Then a holy man arrived reporting that a wonderful son had been born to Jamal-ul-Sulaiman and if the infant suckled, the time for fasting had not yet begun, but if, on the contrary he refused the breast, then all good Muhammadans must fast. Farid did not suckle, and so it was apparent the fast had begun. During the whole month of Ramzan, it is said, the infant only took milk by night in the Muhammadan fashion and fasted by day
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There are 134 hymns of Sheik Farid incorporated in the Guru Granth Sahib. Many Sikh scholars ascribe them to Farid Shakarganj (1173 – 1265) of Pak Pattan, a disciple of the Sufi Qutbuddin Bakhtiyar Kaki. The tenth in succession to his post was Shaikh Brahm (Ibrahim), also known as Farid Sani or Farid the 2nd, and it is this Farid who Guru Nanak Dev ji met on two occasions.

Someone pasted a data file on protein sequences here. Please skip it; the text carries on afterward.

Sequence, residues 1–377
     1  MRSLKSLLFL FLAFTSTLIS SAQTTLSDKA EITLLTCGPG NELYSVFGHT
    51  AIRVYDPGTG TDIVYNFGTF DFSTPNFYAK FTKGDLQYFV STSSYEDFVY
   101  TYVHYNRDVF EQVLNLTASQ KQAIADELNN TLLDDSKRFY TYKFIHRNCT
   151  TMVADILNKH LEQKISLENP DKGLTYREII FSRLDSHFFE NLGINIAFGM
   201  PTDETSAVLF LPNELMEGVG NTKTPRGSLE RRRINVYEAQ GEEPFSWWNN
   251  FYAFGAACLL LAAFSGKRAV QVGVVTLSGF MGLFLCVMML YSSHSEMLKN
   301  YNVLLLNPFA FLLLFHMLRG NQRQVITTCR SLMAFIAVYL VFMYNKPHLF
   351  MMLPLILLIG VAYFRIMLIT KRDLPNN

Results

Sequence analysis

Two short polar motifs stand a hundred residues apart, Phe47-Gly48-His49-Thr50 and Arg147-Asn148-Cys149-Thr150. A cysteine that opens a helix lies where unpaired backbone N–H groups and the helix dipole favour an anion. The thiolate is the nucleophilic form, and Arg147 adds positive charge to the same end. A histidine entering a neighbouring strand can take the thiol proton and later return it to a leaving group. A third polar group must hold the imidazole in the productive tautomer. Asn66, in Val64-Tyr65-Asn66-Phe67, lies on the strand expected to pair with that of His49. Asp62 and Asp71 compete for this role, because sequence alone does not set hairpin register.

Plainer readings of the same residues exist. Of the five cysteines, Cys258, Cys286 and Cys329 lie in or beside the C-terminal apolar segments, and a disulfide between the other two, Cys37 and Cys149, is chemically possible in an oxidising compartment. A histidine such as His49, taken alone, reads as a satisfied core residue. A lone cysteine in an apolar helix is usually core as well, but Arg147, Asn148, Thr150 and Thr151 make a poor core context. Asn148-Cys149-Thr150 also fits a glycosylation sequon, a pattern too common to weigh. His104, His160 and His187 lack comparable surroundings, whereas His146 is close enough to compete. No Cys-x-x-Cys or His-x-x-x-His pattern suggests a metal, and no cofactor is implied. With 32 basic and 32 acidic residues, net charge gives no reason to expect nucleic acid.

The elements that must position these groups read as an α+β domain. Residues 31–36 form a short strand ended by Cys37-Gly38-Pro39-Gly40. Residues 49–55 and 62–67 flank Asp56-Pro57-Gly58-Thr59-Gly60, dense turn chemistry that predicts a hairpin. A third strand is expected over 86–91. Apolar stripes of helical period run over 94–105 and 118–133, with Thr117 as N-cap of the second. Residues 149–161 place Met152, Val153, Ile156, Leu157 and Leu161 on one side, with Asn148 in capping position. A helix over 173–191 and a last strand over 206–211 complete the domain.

Max Arthur Macauliffe who has been described as a ‘Matchless Scholar of Sikh Lore’ states that hymns ascribed to Farid… (read more)Personal Interests:There are 134 Shabads (hymns) of Sheikh Farid incorporated in the Guru Granth Sahib. Many Sikh scholars ascribe them to Farid Shakarganj (1173 – 1265) of Pak Pattan, a disciple of the Sufi Qutbuddin Bakhtiyar Kaki. The tenth in succession to his post was Shaikh Brahm (Ibrahim), also known as Farid Sani or Farid the 2nd, and it is this Farid who Guru Nanak Dev met on two occasions.

Baba Farid is recognised as the first major poet of the Punjabi language and in recognition of his exalted status, the district of Faridkot in Punjab, northern India is named after him. Baba ji was a Muslim with a predominantly Sufi background.

Farid ji has been honoured by the Gurus of Sikhism and his verses were collected and subsequently compiled into the Sikh holy book, Guru Granth Sahib (normally referred to as Gurbani) under three different sections as detailed below:

First section (page 1 – click 1 above)